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History (Primary Sources Only)   Tags: documents, history, history_4296, primary_sources  

A guide to finding primary sources online and in libraries and archives at Temple, the country, and world.
Last Updated: Oct 17, 2013 URL: Print Guide RSS UpdatesEmail Alerts

Primary Sources - Overview Print Page

Regional Primary Sources


Research Manuals

Book-length guides to locating and evaluating primary sources.

Click title to see full bibliographic record, including call #, in Diamond.

Click book jacket to view record on Amazon. Except where noted, these titles are only available in paper.

Cover Art
The Craft of Research - Wayne C. Booth; Gregory G. Colomb; Joseph M. Williams
Call Number: Q180.55.M4 B66 2008eb
ISBN: 0226065650
Publication Date: 2008
Access the full-text of this book online by simply clicking on its title, above.

Cover Art
The Historian's Toolbox: A Student Guide to the Theory and Craft of History - Robert C. Williams
Call Number: D16 .W62 2007
ISBN: 076562026X
See Part 2, "The Tools of History," section on "Sources and Evidence". Note Google Preview button in Diamond for online access to part of this book!

Cover Art
The Information-Literate Historian - Jenny L. Presnell
Call Number: D16.2 .P715 2007
ISBN: 0199926042
Publication Date: 2012-08-01
Authored by the History Librarian at the University of Miami, Ohio, The Information-Literate Historian is the only book specifically designed to teach today's history students how to successfully select and use sources-primary, secondary, and electronic-to carry out and present their research. Expanded and updated, the second edition of The Information-Literate Historian continues to be an indispensable reference for historians, students, and other readers doing history research. See especially Chapter 6, "The Thrill of Discovery: Primary Sources".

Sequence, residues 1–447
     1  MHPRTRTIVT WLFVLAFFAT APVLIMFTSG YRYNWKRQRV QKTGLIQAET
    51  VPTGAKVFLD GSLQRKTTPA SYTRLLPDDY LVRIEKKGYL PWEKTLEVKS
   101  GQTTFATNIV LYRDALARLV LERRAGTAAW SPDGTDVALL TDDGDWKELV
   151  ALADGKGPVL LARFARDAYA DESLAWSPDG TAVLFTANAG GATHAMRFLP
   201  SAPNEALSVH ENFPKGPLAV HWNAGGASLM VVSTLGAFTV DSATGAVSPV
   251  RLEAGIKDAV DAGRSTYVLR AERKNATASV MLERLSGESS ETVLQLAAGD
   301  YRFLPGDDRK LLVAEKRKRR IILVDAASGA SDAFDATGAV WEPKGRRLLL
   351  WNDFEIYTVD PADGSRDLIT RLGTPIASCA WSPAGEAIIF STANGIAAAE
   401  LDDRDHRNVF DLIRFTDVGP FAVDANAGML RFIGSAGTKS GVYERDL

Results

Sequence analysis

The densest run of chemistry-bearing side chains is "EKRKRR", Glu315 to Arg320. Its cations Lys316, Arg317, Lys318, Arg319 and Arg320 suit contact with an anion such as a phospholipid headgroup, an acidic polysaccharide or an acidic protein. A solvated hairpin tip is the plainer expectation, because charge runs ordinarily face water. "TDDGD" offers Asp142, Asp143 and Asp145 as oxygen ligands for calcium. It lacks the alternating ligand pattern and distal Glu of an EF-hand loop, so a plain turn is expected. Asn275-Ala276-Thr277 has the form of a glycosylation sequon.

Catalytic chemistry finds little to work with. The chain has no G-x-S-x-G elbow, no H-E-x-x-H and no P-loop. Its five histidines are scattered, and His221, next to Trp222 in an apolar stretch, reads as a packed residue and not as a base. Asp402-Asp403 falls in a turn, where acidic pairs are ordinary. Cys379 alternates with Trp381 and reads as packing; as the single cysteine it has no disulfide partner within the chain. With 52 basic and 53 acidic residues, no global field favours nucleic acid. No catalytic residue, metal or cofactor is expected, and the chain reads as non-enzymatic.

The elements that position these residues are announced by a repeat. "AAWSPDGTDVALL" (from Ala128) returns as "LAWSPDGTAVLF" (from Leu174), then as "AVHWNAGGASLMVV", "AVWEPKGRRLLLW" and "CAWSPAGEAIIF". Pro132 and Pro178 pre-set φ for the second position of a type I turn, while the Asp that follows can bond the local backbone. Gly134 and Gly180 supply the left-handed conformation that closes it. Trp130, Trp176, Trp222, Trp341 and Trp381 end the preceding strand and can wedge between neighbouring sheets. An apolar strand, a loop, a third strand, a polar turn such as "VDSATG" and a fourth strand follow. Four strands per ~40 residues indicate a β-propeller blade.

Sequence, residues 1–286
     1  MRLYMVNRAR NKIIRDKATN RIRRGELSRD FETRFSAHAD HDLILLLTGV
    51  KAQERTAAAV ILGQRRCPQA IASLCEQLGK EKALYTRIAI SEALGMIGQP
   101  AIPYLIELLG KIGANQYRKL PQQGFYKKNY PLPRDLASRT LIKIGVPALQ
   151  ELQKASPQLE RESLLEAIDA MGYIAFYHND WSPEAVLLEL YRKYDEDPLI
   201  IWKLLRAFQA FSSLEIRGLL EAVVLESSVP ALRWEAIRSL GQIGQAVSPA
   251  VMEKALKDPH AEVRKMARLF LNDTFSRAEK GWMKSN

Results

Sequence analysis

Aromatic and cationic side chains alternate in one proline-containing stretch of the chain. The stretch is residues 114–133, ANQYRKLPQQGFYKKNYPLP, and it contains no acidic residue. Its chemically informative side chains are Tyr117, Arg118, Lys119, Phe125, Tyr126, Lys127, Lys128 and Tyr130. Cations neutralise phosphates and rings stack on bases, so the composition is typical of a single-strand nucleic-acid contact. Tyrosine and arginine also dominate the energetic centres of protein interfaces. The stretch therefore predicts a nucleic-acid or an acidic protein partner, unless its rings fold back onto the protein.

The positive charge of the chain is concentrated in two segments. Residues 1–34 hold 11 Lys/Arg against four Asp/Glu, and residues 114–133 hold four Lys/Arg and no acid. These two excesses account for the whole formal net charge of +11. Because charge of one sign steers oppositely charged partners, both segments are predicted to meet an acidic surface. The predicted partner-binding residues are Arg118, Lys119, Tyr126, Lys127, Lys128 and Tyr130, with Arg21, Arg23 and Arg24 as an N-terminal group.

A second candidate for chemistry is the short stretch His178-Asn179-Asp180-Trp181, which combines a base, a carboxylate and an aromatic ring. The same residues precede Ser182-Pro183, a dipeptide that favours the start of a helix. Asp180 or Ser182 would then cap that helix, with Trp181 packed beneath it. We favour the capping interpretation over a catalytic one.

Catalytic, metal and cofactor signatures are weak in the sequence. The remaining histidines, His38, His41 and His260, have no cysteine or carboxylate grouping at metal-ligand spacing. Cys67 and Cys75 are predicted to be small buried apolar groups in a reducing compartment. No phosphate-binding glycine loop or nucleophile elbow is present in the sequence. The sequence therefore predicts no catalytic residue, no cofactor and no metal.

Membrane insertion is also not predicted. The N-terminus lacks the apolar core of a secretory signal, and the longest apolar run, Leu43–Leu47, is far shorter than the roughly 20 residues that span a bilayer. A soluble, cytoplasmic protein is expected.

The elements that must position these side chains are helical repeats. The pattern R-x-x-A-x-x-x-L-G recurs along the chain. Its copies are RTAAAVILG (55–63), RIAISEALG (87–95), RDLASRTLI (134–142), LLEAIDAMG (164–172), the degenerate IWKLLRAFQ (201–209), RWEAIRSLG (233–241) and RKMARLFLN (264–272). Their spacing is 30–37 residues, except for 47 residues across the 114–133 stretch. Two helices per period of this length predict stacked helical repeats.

Cover Art
Student Guide to Research in the Digital Age: How to Locate and Evaluate Information Sources - Stebbins, Leslie F. (Leslie Foster)
Call Number: ZA3075 .S74 2006
ISBN: 1591580994
See Chapter 4, "Primary Sources: Online Tools and Digitized Collections". Note Google Preview button in Diamond for online access to part of this book!

Cover Art
Writing History in the Digital Age - Jack Dougherty; Kristen Nawrotzki
Call Number: D16.12 .W75 2013eb
ISBN: 9780472072064
Publication Date: 2013-10-28



What Are Primary Sources?

"Primary sources are original records created at the time historical events occurred or well after events in the form of memoirs and oral histories. Primary sources may include letters, manuscripts, diaries, journals, newspapers, speeches, interviews, memoirs, documents produced by government agencies such as Congress or the Office of the President, photographs, audio recordings, moving pictures or video recordings, research data, and objects or artifacts such as works of art or ancient roads, buildings, tools, and weapons. These sources serve as the raw material to interpret the past, and when they are used along with previous interpretations by historians, they provide the resources necessary for historical research" (Source: Using Primary Sources on the Web, a website created by the History Section of the American Library Association designed to help researchers locate, evaluate, and properly cite online primary sources).

Scholars analyze and interpret primary sources in secondary works, particularly scholarly monographs (books) and peer-reviewed journal articles. Secondary sources need not be scholarly, however, and can include popular magazine and newspaper articles, non-academic biographies, textbooks, or websites. Please contact your professor or me if you are having difficulty differentiating between primary and secondary sources. Occasionally you might come across a reference to a "tertiary" source. Tertiary sources are essentially reference works; they list, index, summarize, or in some other way facilitate access to both primary and secondary sources. Examples of tertiary sources in history include Historical Abstracts and the Oxford Dictionary of National Biography.


Find Primary Sources at TULibraries: What Are Your Options?